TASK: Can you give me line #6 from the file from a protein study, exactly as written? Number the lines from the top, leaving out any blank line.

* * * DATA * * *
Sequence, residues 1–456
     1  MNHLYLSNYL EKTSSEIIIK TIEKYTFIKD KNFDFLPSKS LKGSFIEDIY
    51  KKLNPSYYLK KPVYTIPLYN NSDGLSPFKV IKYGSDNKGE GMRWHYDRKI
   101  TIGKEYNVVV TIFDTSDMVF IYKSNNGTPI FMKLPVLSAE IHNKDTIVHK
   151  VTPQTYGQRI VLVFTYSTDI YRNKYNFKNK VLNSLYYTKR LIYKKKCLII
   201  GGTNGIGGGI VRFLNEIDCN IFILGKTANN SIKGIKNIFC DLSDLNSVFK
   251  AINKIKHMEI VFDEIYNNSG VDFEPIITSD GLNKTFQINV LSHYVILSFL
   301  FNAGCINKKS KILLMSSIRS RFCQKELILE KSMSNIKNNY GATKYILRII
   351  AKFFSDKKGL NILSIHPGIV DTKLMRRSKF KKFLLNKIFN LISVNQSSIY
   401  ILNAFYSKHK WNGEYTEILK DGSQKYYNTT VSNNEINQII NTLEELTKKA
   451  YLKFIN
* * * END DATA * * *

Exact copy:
   201  GGTNGIGGGI VRFLNEIDCN IFILGKTANN SIKGIKNIFC DLSDLNSVFK